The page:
Although Suzuki's third bout wasn't viewable, except by being in the venue, his fourth bout was actually shown on Boxing Raise as part of the Hajime No Ippo 30th anniversary tournament quarter-final show. This bout saw Suzuki take on the unheralded Hokuto Matsumoto, who had been stopped 5 months earlier by Kenta Endo and was, on paper, not a tough a match up as Arioka or Siesmundo.
Despite not being given much of a chance Matsumoto was in the ring with Suzuki to spoil the party and derail the rise of Suzuki. From the opening moments it was clear that Matsumoto's quick, sharp jab was going to be a frustrating challenge for Suzuki. There wasn't much power on the shot, but it was razor sharp and kept being thrust into the face of Suzuki. Suzuki pressed, and had success with heavier shots, but the consistency of Matsumoto's jab proved to be a real frustration maker. As the bout went on Suzuki began to ramp up his aggression, and was clearly leaving Matsumoto with a swollen jaw. In round 5 a headclash cut a Suzuki around the left eye, and although the bout went on for a bit we went to the scorecards due to the cut, which was a nasty one. In the end the scorecards narrowly favoured Suzuki, who took a split decision, to claim his 4th pro win.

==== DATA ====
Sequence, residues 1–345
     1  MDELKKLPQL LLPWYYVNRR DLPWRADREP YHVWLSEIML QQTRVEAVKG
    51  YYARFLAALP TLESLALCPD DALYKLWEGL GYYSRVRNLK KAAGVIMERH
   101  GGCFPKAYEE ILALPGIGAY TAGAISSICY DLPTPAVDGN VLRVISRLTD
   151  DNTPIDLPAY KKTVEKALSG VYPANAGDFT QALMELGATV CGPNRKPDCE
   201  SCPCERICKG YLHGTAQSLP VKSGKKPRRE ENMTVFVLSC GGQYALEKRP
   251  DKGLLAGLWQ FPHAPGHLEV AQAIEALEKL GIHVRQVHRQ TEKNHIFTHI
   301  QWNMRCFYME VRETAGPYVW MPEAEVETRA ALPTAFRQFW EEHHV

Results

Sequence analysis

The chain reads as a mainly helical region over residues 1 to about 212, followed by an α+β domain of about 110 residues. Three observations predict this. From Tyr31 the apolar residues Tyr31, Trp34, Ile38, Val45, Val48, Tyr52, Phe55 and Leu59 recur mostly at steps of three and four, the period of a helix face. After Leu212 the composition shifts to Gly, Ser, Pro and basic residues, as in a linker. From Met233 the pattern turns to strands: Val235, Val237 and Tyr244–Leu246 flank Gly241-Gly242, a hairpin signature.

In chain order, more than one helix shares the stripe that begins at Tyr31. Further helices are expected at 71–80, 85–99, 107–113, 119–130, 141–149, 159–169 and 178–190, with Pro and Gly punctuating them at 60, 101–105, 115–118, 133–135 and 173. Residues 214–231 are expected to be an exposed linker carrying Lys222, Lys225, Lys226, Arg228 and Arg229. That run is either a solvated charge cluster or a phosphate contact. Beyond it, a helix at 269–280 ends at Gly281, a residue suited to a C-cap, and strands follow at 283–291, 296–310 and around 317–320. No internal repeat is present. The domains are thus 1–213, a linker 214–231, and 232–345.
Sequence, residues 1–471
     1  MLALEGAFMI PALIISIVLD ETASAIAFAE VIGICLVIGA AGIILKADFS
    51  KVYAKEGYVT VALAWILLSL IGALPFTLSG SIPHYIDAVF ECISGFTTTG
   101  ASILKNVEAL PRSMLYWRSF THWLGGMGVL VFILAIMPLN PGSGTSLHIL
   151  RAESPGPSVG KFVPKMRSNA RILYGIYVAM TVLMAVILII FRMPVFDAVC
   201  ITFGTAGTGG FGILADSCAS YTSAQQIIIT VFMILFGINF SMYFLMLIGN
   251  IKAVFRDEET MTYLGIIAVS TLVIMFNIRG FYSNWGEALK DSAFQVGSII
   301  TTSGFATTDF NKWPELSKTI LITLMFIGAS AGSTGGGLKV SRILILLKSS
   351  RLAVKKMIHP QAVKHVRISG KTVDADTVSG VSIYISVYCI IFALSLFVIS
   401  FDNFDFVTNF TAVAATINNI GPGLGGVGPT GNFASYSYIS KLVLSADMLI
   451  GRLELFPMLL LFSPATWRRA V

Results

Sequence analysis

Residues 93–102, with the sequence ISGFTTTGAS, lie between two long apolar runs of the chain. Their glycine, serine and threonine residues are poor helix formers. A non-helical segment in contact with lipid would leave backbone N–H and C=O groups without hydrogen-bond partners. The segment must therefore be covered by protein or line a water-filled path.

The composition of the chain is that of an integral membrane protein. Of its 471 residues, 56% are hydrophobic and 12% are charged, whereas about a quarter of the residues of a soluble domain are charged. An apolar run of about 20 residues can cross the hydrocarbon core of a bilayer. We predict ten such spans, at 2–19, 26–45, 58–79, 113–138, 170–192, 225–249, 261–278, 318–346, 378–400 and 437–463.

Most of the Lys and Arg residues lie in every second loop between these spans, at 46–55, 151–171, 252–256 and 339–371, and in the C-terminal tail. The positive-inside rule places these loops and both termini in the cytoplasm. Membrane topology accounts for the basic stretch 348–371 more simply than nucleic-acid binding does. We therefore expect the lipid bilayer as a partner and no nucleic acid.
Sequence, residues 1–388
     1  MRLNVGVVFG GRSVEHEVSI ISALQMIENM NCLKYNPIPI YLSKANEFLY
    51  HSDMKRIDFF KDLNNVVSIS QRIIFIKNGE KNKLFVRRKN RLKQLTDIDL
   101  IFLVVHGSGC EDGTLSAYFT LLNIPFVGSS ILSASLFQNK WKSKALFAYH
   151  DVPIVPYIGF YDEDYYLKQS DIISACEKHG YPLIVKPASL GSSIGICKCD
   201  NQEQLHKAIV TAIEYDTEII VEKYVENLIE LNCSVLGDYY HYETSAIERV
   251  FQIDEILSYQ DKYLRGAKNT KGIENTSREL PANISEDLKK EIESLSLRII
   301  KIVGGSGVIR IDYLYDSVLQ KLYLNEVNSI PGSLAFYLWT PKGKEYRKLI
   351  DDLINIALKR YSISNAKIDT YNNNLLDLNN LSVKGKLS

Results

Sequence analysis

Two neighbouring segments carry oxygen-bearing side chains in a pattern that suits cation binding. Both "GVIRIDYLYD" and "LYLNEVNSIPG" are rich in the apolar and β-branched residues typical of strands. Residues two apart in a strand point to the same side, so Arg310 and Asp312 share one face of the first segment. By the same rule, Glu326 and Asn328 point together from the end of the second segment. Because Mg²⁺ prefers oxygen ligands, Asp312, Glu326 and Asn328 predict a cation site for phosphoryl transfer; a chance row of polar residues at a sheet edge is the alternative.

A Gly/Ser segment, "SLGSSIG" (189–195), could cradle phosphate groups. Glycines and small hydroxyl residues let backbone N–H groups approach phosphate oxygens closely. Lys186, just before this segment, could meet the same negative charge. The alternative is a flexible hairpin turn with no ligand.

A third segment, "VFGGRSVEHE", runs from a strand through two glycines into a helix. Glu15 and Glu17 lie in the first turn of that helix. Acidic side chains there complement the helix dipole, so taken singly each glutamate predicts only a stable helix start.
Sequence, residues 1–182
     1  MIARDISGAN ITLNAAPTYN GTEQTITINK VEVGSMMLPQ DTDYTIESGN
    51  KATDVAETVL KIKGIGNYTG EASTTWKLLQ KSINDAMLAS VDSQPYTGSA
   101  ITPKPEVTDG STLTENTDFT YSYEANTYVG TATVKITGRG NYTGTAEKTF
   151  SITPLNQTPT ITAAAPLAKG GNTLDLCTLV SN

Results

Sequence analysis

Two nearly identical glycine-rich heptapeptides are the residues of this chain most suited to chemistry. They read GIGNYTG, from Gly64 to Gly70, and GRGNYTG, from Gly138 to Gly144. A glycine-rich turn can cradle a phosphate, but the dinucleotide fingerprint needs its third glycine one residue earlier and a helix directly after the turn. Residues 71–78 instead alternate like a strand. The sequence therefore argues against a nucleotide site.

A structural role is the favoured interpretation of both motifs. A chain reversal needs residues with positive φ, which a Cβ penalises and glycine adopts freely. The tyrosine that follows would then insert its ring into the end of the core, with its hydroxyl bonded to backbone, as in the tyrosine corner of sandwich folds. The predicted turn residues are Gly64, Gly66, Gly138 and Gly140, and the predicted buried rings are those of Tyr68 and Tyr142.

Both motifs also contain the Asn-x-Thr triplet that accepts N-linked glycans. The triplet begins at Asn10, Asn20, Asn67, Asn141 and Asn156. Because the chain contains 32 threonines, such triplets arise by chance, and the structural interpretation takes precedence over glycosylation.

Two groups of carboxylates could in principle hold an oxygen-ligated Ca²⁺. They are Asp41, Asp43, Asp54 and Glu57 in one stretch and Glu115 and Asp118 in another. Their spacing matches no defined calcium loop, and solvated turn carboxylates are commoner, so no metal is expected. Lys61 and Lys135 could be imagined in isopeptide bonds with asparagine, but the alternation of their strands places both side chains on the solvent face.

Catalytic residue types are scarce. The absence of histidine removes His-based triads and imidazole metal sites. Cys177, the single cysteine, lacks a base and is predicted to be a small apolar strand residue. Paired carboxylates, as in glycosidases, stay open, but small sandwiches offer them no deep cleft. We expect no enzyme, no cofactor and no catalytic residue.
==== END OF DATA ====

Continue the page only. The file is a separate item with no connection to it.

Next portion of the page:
Despite being really impressed by Suzuki on debut we were a bit disappointed by his 2019, and the bout with Matsumoto particularly. He's clearly a talent but there is more work for him to do than we originally expected. There's power and skills there, but he needs time to develop and this year is likely to be similar to last year. In a decent world a rematch with Matsumoto would perhaps be the right thing to do, though there are a lot of other options out there on the domestic scene for him to develop against.